Although understandings of appropriateness inevitably vary by context, the review gleaned implications for appropriate care provision. The importance of evidence-based care and guidelines to support clinical decision-making points to a need for further investment in research and infrastructure that make evidence accessible to health care practitioners. Guideline and protocol development should also include clinician input on implementation challenges, education and training, and feedback mechanisms [32] to prevent against misuse and misinterpretation that can lead to inappropriate diagnosis and care [58]. In addition, increased awareness of patient diversity and unique needs require medical schools and continuing education programs to include cultural competency and communication training to facilitate person-based care and shared decision-making.

This review considers the insights from varying perspectives of appropriate care to create a more comprehensive view of appropriate care delivery that includes every level of the health care system. However, this review is limited by its focus on adult populations, English language literature, specific search terms, and publication years. Future research could employ more scoping review methods to evaluate the use and understanding of appropriate care and how it changes according to population and context.

Conclusion

Although conceptualizations of appropriate care vary in the literature, they are often characterized by evidence-based care, clinical expertise, patient-centeredness, resource use, and equity. Evidence-based care is essential to providing appropriate care, but must be qualified by clinician discretion, respect for patient wishes and values, and context - specific concepts of equitable distribution of resources. This integrated understanding of appropriate care can help inform policy and clinical delivery practices according to context-specific means and priorities.

Abbreviations

CHD: 

Congenital heart disease

CP: 

Clinical pathways

CS: 

Caesarian section

GP: 

General practitioner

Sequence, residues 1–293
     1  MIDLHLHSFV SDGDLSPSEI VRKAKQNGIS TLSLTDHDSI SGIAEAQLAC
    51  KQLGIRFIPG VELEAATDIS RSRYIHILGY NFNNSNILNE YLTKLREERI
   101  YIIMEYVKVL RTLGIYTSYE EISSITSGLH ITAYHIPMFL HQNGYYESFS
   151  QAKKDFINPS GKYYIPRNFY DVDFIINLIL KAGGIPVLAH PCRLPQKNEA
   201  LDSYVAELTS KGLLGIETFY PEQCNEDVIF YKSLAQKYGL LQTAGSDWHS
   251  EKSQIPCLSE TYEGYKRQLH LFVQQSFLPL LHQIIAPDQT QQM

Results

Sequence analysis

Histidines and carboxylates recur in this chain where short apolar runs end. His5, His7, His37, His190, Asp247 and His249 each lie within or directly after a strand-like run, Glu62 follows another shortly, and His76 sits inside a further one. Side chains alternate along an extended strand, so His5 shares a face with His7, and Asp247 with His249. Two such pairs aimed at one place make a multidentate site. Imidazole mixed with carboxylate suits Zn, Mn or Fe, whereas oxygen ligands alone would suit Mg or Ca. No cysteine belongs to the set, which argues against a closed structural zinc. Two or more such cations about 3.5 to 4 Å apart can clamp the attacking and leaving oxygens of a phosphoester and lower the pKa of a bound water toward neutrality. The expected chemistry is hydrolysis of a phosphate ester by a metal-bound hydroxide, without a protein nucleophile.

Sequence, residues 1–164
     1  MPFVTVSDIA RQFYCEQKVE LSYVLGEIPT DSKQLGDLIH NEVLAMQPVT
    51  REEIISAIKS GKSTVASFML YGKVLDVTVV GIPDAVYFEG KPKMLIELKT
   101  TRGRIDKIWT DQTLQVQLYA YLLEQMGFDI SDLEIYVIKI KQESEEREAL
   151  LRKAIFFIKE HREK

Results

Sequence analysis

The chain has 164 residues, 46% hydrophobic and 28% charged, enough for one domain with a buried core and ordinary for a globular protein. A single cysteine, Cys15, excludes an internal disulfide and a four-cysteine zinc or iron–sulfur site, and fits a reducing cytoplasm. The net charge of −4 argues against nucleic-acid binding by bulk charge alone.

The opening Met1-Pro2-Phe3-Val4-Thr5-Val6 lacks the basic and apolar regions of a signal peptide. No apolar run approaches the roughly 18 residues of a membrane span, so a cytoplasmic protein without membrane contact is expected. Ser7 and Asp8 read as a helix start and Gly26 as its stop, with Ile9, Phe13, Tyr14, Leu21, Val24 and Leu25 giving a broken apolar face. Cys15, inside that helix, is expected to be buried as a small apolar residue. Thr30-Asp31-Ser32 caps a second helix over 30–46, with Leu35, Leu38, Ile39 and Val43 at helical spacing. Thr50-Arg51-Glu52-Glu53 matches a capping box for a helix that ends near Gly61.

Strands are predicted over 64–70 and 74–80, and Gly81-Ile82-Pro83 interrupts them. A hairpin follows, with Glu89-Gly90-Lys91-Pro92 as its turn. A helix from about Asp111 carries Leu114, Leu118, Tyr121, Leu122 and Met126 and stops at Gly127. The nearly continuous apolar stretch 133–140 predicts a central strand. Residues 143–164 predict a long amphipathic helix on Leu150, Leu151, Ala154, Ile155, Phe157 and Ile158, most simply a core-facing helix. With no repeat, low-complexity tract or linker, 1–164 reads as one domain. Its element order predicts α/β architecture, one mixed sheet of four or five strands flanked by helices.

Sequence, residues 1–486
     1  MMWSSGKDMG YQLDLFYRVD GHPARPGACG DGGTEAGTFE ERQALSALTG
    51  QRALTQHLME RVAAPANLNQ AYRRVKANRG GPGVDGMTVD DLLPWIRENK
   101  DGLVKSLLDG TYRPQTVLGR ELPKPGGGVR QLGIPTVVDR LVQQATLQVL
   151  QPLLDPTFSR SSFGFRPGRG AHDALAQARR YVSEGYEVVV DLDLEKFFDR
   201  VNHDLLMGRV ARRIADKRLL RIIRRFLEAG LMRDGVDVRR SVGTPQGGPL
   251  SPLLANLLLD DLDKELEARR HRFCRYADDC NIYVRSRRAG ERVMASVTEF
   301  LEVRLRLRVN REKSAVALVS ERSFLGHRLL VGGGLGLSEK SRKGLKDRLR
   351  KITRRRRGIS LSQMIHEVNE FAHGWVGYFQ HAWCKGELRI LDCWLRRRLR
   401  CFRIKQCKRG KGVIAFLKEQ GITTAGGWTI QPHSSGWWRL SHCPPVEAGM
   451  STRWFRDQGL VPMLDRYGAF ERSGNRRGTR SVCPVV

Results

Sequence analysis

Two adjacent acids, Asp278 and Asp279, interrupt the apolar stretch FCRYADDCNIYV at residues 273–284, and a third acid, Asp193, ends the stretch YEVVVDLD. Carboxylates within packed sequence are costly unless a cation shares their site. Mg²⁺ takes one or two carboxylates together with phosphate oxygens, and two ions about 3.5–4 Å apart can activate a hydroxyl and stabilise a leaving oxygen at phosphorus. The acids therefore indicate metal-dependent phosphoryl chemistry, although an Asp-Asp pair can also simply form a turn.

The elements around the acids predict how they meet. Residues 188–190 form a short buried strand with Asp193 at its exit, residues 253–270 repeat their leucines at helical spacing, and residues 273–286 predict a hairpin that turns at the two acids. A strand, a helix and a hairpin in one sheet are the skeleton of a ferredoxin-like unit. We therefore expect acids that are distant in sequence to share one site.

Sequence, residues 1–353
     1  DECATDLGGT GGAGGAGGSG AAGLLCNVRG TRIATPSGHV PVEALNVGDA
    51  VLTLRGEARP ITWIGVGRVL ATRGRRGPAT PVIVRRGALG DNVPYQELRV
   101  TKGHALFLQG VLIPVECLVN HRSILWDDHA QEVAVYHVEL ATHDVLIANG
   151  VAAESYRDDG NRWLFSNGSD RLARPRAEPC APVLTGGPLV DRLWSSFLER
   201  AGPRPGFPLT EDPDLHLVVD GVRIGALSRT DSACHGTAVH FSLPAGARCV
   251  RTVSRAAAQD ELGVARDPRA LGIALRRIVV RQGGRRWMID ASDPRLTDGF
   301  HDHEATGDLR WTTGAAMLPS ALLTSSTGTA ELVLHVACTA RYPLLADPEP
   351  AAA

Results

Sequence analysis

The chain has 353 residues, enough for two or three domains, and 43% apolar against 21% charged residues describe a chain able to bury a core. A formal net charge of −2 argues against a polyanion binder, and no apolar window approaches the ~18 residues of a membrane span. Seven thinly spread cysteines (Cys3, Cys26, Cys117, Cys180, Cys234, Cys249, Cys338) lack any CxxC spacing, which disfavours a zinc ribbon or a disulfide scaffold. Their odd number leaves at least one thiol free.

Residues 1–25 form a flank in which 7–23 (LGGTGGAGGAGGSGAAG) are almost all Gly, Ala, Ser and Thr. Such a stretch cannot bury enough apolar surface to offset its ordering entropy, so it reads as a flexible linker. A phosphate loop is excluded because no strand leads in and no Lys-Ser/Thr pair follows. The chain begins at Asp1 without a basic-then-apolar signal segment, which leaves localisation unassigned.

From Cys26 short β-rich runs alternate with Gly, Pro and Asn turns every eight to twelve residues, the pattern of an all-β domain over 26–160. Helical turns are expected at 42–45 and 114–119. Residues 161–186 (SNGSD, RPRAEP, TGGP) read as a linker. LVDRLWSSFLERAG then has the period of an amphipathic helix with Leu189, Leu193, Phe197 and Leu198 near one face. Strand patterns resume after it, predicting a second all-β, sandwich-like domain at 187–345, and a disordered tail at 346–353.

ICU: 

Intensive care unit

LGBT: 

Lesbian, gay, bisexual, and transgender

LOS: 

Length of stay

PCI: 

Percutaneous coronary intervention

PSA: 

Prostate-specific antigen

QOL: 

Quality of life

UTI: 

Urinary tract infection

VHA: 

Veterans health administration

Declarations

Acknowledgements

Not applicable.

Funding

There was no funding for the research or the writing of this paper.

Availability of data and materials

Data sharing is not applicable to this article as no datasets were generated or analyzed during the current study.

Authors’ contributions

All authors were involved in the conceptualization and design of the review. JR-P and TJ collected the literature and selected articles for review based on eligibility criteria agreed upon by all authors. JR-P and TJ reviewed articles and JR-P, NB-A, and TJ were involved in the analysis and interpretation of the data. JR-P drafted the article and NB-A and TJ critically revised the manuscript for important intellectual content. All authors approved final version for submission.

Competing interests

The authors declare that they have no competing interests.

Consent for publication

Not applicable.

Ethics approval and consent to participate

Not applicable.

Publisher’s Note

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Authors’ Affiliations

(1)
Institute of Biomedical Ethics and History of Medicine, University of Zurich
(2)
Department of Health Systems Management, Rush University

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© The Author(s). 2017